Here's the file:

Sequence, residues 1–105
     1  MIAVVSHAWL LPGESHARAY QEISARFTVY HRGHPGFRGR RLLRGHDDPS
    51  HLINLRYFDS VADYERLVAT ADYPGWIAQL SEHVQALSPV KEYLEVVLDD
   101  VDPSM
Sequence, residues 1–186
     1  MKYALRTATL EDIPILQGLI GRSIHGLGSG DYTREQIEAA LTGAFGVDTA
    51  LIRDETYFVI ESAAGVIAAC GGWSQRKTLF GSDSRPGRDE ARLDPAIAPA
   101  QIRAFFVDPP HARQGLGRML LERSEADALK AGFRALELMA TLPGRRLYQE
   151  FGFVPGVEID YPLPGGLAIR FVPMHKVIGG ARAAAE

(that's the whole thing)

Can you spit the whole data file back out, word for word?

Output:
Sequence, residues 1–105
     1  MIAVVSHAWL LPGESHARAY QEISARFTVY HRGHPGFRGR RLLRGHDDPS
    51  HLINLRYFDS VADYERLVAT ADYPGWIAQL SEHVQALSPV KEYLEVVLDD
   101  VDPSM
Sequence, residues 1–186
     1  MKYALRTATL EDIPILQGLI GRSIHGLGSG DYTREQIEAA LTGAFGVDTA
    51  LIRDETYFVI ESAAGVIAAC GGWSQRKTLF GSDSRPGRDE ARLDPAIAPA
   101  QIRAFFVDPP HARQGLGRML LERSEADALK AGFRALELMA TLPGRRLYQE
   151  FGFVPGVEID YPLPGGLAIR FVPMHKVIGG ARAAAE